Five-time World Cup winners Brazil, having tasted three World Cup qualification defeats on the bounce for their worst run since 2001 are arguably no longer the force they once were. After their 1-0 reversal to Argentina last November, their first-ever home World Cup qualifying loss, Dorival Junior was brought in as head coach. Under Junior’s tutelage they beat England and drew with Spain. Hot-shots Vinicius Junior and 17-year-old wonderkid Endrick are aiming to transform Brazil’s fortunes.

Paraguay will be aiming to shoot down Brazil, but need a solid goalscorer. They are pretty solid defensively, and could be sensational if midfield maestro Miguel Almiron and striker Julio Enciso can replicate their silky skills seen in the English Premier League. Costa Rica face an uphill task to navigate their way to the knockout stages, and there will be big boots to fill between the sticks with iconic keeper Keylor Navas recently announcing his international retirement.

Prediction: 1st Colombia, 2nd Brazil, 3rd Paraguay, 4th Costa Rica

 

In an unfortunate developing situation, Jamaica and Aston Villa winger Leon Bailey has withdrawn from the Reggae Boyz 26-man squad named for the upcoming Copa America tournament. His inclusion and subsequent withdrawal comes amid controversy and conflicting statements from Bailey and his representatives.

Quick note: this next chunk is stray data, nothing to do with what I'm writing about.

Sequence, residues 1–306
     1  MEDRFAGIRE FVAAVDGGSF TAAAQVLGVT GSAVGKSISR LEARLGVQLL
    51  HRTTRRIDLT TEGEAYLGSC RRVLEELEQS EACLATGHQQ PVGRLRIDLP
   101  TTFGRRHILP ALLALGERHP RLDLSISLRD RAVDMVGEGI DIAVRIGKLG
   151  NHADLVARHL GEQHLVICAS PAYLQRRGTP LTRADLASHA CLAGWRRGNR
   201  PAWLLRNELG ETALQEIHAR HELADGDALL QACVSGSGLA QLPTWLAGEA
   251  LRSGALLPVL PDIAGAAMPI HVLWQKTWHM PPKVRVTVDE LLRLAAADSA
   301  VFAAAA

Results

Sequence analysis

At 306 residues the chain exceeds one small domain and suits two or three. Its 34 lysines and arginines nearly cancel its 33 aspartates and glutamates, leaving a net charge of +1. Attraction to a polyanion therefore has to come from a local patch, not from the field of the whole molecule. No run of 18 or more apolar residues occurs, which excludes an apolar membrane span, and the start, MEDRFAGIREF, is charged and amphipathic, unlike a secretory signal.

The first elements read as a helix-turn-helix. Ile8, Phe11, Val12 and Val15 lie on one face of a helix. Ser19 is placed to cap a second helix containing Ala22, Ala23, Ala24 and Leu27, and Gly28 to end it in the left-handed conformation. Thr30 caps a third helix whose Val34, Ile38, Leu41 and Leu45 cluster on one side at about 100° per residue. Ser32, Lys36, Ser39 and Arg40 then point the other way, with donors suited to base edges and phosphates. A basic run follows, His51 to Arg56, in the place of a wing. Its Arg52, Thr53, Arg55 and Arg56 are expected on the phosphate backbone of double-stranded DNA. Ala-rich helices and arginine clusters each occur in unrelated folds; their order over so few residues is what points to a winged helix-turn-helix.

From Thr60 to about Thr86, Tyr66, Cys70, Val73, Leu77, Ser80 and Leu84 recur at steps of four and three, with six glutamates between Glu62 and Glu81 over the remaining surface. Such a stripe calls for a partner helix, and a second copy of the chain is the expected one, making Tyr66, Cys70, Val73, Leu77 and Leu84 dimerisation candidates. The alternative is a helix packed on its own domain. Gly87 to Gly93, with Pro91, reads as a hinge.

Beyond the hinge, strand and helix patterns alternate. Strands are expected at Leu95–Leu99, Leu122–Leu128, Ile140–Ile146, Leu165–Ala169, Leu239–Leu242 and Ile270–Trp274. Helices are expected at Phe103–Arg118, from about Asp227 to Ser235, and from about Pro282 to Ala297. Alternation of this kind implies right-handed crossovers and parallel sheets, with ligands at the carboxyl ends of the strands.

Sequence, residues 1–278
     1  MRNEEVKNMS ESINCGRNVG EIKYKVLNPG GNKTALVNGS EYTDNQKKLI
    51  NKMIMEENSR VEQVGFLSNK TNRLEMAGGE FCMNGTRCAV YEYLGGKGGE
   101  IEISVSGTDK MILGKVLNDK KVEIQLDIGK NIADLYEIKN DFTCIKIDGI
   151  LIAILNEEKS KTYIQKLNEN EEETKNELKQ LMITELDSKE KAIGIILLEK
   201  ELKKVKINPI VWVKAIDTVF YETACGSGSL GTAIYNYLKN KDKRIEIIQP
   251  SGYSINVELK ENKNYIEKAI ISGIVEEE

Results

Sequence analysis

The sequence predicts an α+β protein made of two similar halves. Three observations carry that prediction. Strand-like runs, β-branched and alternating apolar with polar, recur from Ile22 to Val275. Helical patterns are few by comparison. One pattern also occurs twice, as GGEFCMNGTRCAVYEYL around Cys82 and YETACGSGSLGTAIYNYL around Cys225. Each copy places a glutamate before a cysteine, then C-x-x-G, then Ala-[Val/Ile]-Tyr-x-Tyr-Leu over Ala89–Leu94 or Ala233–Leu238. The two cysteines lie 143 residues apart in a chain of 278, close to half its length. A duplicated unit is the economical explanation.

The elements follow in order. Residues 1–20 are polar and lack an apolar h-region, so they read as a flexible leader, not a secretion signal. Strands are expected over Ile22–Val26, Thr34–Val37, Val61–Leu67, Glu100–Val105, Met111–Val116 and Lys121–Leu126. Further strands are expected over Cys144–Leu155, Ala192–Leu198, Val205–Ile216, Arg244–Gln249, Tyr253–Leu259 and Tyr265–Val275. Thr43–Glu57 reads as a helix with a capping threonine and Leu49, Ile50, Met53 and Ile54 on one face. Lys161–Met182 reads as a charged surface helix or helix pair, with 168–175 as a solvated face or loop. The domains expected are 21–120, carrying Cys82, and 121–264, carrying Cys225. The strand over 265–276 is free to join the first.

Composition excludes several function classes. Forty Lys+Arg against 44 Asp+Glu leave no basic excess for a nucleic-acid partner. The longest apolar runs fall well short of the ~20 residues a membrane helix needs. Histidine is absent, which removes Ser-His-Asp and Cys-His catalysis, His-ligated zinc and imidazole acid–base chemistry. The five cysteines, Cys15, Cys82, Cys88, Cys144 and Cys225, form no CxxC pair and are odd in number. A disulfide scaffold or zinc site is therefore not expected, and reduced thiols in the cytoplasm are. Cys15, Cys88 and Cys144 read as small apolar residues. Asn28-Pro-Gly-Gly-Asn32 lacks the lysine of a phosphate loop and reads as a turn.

Bailey, who was suspended for breaking curfew during the November international break, has not featured in Jamaica's recent matches, including the 2026 World Cup qualifiers against the Dominican Republic and Dominica earlier this month. Following the release of the squad by the Jamaica Football Federation (JFF) Wednesday, Bailey took to Instagram on Wednesday night to label the selection as "misleading information."

The winger’s father, Craig Butler, reiterated Bailey’s stance on social media, stating that his son's decision to step back from international duty remains unchanged. "We kindly ask that you respect his wishes at this time," Butler wrote. "Posts made on social media that are surfacing at this time is a misrepresentation of his position. We wish the Reggae Boyz well in the Copa America competition and he, along with his management team, will continue to support the Jamaica National Team at all levels … change must come…Respect and One Love for all."

The JFF has not commented on whether they received a commitment from Bailey to participate in the tournament.